Numerous philosophical theories purport to justify a system of legal punishment. It is doubtful, however, that any of them successfully answer these three questions: Why punish? Whom to punish? How much to punish? Straightforward retributive theories, which justify punishment by looking back at the wrongful harm done by an offender, don’t adequately answer the question of why the offender should be harmed in return for harm done. More sophisticated retributive theories construe punishment as equalizing an unfair advantage taken by an offender. Such theories have difficulty with the question of how much to punish. Consent theories view offenders as willing punishment onto themselves by their voluntary acts. The various versions of this theory all fail to answer one or more of the three questions: why, whom, and how much. Rights forfeiture theories give a question-begging answer to the “why” question and don’t answer the question of how much. Consequentialist theories, which justify punishment by looking forward to results such as deterrence and incapacitation, have difficulties with whom to punish and how much. Arguably, punishing an innocent person who is believed to be guilty could deter potential offenders, and a serious offense might be deterred by a less severe punishment than a minor offense. Some philosophers see insurmountable problems for strictly backward-looking theories that appeal to guilt of the offender and for strictly forward-looking theories that appeal to future consequences. The solution, then, could be a theory that appeals to future results to provide a reason for punishing, but looks back at harm done by the offender to answer the question of whom to punish and how much. However, without a unifying rationale for taking these different approaches to these particular issues, such a mixed theory would be ad hoc if not incoherent. In recent decades, philosophers have offered several approaches that might avoid the pitfalls described above by providing a unified rationale for punishment that is both backward and forward looking. Self-defense theories hold that it is rational and justifiable for the state to threaten punishment in order to defend citizens against offenses. They then move by various strategies from the justifiability of the threat to the justifiability of punishment. Forced choice theories justify punishment as a way of distributing necessary harm to the guilty rather than the innocent. Censure theories attempt to justify punishment as the state’s means of expressing disapproval of offenses against the law. Each of these theories faces difficulties, but proponents might judge that even though they haven’t yet been able to adequately state the justification of punishment, their theory is on the right track. Others view the difficulties faced by all theories and boldly conclude that punishment is not justifiable. There is little support for rehabilitation as an alternative to punishment. The practices associated with restorative justice, although not directly aimed at punishment, typically involve punishment, so they still require a justification for punishment. Whether a system of restitution could take the place of a system of punishment is problematic. The situation is made even more troublesome by the fact that the theories that have been surveyed aim to justify punishment in a society with a just political structure and laws. Even if such a theory succeeds, it is far from clear that it would justify punishment in a society where many of those who are harmed by punishment have also been victims of injustice.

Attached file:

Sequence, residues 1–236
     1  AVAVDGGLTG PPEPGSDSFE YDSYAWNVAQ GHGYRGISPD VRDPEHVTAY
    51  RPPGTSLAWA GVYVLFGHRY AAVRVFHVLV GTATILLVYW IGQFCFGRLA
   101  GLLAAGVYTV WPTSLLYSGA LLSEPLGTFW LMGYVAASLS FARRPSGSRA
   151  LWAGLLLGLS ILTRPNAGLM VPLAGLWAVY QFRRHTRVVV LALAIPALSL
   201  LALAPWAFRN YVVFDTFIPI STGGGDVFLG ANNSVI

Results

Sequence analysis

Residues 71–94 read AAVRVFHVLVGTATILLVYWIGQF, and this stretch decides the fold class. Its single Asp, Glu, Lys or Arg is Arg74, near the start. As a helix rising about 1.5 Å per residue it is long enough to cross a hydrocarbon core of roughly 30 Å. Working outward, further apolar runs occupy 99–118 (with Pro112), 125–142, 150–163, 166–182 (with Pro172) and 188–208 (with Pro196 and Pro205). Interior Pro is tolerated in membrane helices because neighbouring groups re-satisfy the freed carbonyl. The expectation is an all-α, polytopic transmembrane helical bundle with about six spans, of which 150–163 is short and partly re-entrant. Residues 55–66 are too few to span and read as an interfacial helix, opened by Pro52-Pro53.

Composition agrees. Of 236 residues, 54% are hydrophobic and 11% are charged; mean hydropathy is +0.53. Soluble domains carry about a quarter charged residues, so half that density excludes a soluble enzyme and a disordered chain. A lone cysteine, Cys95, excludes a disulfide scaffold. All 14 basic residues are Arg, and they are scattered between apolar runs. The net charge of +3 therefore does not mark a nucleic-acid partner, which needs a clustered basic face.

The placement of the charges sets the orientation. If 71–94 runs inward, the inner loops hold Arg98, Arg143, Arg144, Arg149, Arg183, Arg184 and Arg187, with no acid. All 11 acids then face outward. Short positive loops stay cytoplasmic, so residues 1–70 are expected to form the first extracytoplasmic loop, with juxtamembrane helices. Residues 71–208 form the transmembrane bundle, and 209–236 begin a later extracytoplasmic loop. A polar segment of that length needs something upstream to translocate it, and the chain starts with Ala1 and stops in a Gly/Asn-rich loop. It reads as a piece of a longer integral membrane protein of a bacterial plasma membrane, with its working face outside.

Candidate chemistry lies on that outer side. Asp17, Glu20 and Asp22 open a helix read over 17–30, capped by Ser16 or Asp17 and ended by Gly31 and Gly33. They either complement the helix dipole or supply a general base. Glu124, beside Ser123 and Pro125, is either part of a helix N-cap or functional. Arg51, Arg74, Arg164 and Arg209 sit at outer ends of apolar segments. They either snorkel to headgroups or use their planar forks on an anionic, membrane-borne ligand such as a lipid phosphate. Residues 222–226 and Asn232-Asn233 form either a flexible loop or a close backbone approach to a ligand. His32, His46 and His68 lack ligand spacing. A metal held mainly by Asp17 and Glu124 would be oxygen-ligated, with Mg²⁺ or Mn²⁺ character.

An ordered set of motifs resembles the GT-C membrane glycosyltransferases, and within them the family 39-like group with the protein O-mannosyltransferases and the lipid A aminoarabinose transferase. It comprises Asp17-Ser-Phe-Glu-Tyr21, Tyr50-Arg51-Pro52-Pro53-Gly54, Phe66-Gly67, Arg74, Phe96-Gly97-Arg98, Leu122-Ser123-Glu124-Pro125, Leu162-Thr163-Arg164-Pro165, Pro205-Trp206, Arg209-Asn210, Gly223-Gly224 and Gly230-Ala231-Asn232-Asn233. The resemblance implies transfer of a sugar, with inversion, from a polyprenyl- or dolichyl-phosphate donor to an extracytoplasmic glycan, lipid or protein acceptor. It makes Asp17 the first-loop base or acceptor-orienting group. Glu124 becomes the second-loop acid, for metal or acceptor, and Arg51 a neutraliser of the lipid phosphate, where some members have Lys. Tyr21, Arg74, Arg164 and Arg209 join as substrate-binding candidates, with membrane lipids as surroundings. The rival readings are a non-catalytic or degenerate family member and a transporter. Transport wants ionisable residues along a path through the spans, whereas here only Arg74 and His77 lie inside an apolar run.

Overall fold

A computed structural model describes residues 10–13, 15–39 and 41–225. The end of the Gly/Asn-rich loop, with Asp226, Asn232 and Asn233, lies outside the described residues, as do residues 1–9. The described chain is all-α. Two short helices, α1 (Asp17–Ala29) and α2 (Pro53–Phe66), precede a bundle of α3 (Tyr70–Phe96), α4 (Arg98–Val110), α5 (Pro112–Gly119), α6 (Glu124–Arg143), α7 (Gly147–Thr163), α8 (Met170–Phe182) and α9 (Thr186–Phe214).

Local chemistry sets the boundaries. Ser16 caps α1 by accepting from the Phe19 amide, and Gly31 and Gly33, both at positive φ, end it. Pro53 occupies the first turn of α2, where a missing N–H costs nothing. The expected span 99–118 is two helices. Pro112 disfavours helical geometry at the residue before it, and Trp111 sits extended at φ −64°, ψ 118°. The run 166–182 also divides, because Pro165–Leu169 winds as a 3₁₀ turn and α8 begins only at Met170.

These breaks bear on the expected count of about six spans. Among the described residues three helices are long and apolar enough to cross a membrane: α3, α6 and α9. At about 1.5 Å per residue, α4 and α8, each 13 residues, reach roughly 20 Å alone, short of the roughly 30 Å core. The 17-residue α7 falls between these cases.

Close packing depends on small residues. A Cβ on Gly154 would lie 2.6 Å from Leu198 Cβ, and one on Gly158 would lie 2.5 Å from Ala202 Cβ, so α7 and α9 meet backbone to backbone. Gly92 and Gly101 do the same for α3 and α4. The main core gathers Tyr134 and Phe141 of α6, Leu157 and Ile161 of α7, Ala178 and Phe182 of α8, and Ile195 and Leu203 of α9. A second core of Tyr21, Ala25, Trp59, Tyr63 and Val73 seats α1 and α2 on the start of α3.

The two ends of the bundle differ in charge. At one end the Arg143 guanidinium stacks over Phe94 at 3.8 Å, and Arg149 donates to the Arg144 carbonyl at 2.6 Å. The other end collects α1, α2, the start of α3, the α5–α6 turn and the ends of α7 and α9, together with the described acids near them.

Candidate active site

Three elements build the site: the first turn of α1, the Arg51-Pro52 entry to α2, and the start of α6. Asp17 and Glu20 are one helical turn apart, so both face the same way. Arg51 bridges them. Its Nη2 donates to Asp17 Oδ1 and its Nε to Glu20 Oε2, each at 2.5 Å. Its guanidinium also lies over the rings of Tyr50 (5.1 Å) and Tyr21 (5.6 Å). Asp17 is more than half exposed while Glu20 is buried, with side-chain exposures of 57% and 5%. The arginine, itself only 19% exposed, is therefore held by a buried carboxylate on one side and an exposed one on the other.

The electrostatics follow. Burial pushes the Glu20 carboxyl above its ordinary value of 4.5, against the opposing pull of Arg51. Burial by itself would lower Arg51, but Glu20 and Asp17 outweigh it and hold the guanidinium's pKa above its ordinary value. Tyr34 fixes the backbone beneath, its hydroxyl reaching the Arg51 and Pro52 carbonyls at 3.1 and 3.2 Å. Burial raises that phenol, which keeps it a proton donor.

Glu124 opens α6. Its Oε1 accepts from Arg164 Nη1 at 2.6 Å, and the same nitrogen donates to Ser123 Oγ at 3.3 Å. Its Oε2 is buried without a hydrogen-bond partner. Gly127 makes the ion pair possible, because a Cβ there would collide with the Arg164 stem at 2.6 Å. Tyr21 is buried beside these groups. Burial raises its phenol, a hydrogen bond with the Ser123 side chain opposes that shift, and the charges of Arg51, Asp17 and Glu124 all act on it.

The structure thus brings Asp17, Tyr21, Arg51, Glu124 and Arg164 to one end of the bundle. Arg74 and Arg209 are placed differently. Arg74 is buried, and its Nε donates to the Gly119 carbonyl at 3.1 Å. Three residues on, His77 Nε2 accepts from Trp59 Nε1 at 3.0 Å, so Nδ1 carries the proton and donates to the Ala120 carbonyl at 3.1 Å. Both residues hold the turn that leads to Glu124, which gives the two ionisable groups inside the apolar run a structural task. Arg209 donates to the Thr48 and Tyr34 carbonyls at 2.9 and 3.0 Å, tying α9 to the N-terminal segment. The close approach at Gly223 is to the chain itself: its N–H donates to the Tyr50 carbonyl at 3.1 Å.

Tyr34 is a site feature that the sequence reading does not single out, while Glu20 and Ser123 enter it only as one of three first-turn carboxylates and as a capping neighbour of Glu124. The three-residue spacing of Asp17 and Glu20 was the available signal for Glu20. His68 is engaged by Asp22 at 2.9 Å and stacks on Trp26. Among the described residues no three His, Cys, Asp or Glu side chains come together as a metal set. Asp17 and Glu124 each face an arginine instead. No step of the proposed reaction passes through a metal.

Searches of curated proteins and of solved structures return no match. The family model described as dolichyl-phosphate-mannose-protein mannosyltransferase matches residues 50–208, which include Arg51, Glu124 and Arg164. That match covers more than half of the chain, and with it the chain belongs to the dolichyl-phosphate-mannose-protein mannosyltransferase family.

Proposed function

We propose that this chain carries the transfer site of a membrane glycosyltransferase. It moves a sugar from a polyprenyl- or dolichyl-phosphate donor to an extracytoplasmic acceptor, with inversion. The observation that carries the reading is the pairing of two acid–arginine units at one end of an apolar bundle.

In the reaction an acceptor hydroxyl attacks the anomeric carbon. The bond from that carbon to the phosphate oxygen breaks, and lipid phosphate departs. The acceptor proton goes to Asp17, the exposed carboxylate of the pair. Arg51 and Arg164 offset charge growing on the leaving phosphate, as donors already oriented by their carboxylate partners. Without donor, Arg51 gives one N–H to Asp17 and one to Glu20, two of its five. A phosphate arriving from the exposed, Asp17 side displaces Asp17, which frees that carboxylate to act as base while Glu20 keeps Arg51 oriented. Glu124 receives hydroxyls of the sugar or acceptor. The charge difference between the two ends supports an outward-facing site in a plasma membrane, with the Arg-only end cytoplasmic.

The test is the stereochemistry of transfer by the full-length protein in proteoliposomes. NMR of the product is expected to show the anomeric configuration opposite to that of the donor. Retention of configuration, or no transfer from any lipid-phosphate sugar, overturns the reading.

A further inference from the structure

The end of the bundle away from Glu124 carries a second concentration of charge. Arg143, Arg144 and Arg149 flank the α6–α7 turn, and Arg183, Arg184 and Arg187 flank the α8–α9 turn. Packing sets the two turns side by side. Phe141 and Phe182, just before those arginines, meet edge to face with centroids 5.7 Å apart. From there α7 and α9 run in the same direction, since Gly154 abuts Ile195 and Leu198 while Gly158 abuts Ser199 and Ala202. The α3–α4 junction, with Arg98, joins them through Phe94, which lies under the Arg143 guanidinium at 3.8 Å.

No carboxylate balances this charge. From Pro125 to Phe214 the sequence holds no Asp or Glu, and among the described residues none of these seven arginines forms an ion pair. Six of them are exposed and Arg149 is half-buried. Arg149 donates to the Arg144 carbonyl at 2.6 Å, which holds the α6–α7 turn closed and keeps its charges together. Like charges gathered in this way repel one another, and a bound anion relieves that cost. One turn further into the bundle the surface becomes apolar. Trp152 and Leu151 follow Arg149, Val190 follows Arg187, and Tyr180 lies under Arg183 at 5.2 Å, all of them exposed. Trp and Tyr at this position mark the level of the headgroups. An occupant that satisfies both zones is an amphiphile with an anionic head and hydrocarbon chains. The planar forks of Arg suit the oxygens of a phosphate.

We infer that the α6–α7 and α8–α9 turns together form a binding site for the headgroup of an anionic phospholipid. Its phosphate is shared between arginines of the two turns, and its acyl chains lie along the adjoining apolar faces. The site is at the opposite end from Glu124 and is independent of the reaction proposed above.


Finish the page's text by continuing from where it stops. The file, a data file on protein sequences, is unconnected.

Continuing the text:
Asher Flynn and Nicola Henry

Image-based sexual abuse (IBSA) is a form of technology-facilitated sexual violence. The term describes a pattern of behaviors involving the nonconsensual creation, distribution, or threats to distribute, nude or sexual images. Also known as “revenge pornography” or “nonconsensual pornography,” IBSA affects a significant proportion of the population. According to Australian research conducted by Henry, Powell, and Flynn, and the Australian Office of the eSafety Commissioner, one in five Australians between the ages of 16 and 49 have had at least one experience of IBSA, including 1 in 10 who have had a nude or sexual image shared without their consent. In a 2016 US study conducted by Lenhart, Ybarra, and Price-Feeney, 4% of men and 6% of women ages 15 to 29 reported having had a nude or nearly nude image shared without their consent. These figures are likely to be an underestimate of the true prevalence of IBSA because such studies only capture victims who have become aware that images of them have been created or shared without their consent. Perpetrators of IBSA can include intimate partners, family members, friends, acquaintances, and persons unknown to the victim, with diverse motivations, including sexual gratification, retribution, coercive control, social notoriety, monetary gain, and voyeurism. The images themselves may be self-created by the victim as a “selfie” or produced consensually in the context of a relationship. Alternatively, images may be digitally altered, taken surreptitiously in public or private settings, or created coercively, or they may have been taken of a sexual assault or rape. While IBSA is not itself new, technology has created a conducive and large-scale platform for such abuse to occur.